Better Bridges 2012 Bridge Inventory
Better Roads Staff
“This will ensure that the number of structurally deficient bridges on state-owned highways, which peaked at 1,168 in 2004, will be essentially eliminated by the end of the decade,” says Oklahoma DOT Secretary Gary Ridley. “After decades of major bridge problems, Oklahomans will finally have a safe and reliable bridge network that meets the needs of our growing state, and one for which we can all be proud.”
Gotcher adds, however, that if one aspect of Oklahoma DOT could be changed to improve bridges, it would be to add more bridge inspectors and program managers. Additional qualified personnel would help keep our inspectors current and further improve the quality. The supply of qualified personnel falls short of the inspection demands.”
In Maine, funding is still the biggest challenge for lowering the rate of the state’s deficient bridges. MAP-21 will not make a difference with the three bridges closed this past year in the state because of structural failure or collapse and the eight closed in the last five years for that reason, Benjamin Foster, assistant bridge maintenance engineer with the Maine Department of Transportation, tells Better Roads. But Foster expects his agency to be able to lower the rate of deficient bridges in this coming year through “bonds for bridge work.”
The West Virginia Department of Transportation does not foresee lowering its rate of deficient bridges in the coming year. Insufficient funding will defer important work, according to W. Kyle Stollings, director of the maintenance division for West Virginia DOT. However, he does say that MAP-21 “stabilizes the planning process.”
The California Department of Transporation, commonly known as Caltrans, often leads the way in trends and thought within the industry. The agency believes that MAP-21’s two-year commitment of funds gives Caltrans and local agencies “a measure of certainty needed to plan and deliver bridge improvement projects,” says Matt Rocco, Caltrans media relations manager. He says that in the short term, through fiscal year 2012-2013, no major changes to project funding is anticipated. “However, MAP-21 includes performance and accountability requirements, which in the long term, could affect schedule and funding decisions for bridge and highway improvement projects,” Rocco says. Caltrans does not “anticipate that funding constraints will affect priority safety projects.” Caltrans invests about $450 million each year to protect and preserve state-owned bridges, Rocco says.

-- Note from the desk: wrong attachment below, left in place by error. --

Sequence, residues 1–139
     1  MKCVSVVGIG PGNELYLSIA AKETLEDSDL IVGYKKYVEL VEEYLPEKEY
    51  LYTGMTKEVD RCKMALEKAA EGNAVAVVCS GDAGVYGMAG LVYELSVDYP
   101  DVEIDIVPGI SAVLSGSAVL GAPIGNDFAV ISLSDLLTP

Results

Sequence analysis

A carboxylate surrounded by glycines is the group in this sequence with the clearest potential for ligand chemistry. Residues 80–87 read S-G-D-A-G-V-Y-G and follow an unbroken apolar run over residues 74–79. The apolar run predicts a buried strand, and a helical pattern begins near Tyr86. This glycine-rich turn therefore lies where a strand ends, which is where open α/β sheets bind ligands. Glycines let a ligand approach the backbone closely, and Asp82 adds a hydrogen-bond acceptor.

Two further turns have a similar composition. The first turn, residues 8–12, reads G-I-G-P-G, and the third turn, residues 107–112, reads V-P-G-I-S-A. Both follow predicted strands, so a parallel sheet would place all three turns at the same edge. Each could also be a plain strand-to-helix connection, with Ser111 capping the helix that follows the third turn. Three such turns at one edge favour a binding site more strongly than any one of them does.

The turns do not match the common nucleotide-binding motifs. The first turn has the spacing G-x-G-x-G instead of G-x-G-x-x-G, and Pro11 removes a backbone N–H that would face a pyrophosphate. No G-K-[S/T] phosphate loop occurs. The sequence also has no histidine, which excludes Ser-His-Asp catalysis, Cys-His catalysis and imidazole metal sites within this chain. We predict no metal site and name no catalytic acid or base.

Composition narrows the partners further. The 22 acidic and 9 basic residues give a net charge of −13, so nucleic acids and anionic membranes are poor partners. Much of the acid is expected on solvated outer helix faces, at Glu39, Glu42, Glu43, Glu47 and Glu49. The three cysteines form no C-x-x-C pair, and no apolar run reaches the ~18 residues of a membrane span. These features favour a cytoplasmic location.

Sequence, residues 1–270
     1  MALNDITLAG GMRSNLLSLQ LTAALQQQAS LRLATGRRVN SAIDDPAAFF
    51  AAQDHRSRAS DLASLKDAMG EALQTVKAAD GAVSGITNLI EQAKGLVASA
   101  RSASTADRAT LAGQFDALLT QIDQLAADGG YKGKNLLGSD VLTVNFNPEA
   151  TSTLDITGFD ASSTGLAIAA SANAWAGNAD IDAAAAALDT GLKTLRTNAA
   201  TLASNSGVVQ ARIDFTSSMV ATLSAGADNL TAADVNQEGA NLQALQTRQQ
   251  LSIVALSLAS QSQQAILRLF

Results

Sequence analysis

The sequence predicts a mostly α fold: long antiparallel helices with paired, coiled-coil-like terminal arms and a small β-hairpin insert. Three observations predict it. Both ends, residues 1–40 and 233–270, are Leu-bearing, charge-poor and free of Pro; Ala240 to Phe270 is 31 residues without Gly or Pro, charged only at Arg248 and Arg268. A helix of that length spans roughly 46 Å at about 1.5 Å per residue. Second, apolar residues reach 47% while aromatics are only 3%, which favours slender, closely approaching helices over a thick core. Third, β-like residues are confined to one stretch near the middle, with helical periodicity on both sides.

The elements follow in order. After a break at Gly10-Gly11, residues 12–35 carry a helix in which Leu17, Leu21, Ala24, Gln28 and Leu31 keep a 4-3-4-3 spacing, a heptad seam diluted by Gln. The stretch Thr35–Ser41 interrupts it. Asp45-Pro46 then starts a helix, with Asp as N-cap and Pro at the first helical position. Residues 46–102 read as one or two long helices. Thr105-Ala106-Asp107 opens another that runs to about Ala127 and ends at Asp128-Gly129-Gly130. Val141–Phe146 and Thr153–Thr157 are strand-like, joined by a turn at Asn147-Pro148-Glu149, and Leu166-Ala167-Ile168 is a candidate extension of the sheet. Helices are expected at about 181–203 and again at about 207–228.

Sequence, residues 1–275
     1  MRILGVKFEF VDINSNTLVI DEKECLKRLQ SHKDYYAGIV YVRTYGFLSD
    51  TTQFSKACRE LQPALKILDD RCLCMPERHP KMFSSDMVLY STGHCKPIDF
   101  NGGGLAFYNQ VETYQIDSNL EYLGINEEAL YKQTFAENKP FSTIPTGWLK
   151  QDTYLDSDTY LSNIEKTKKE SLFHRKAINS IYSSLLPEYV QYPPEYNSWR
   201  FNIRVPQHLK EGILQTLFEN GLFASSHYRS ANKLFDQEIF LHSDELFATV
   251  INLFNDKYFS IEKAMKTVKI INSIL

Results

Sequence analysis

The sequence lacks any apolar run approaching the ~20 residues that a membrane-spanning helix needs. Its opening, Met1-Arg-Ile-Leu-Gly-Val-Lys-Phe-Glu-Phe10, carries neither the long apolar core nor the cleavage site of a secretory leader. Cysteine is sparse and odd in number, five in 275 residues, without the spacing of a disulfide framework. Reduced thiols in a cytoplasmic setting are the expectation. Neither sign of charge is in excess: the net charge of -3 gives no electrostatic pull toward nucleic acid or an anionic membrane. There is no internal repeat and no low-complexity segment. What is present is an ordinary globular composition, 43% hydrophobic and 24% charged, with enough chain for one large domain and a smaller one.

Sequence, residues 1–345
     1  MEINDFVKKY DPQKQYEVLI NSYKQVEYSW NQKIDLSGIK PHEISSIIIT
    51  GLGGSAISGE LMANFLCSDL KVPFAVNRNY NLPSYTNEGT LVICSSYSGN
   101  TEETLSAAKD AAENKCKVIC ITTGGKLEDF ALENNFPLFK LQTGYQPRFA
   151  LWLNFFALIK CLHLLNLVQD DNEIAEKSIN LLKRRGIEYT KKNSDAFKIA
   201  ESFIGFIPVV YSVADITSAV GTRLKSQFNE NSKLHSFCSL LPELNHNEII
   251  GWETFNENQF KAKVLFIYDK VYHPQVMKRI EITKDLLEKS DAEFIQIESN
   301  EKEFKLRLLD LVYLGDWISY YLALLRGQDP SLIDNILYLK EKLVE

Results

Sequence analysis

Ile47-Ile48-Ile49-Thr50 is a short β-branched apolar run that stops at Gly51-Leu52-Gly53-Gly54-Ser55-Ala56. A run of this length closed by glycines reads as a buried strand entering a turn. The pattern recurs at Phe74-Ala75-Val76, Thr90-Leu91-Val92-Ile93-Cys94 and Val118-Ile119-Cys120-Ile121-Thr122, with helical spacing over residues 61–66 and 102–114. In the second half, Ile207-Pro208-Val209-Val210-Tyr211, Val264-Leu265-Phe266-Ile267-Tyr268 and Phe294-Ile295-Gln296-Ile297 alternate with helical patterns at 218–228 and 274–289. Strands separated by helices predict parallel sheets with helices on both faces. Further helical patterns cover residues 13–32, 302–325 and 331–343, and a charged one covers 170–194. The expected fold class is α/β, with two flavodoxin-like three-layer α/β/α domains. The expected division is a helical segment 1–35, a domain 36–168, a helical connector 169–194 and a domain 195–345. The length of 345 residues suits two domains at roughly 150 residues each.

The Texas Department of Transportation (TxDOT) spends about $230 million to replace or rehabilitate structurally deficient or functionally obsolete bridges through the Highway Bridge Program, according to Alan Kowalik, P.E., bridge engineer with TxDOT. An additional $125 million through other categories of funding is also used to replace or rehabilitate SD and FO bridges, he says, adding that “MAP-21 is a step in the right direction.”
For the short-term outlook, says Cody Axlund, bridge inventory/inspection engineer for the South Dakota Department of Highways, “MAP-21 has helped our discussion for bridges on the National Highway System. For all other bridges within our state, MAP-21 has added to uncertainty of available funding since it eliminated a dedicated funding pool for bridges.”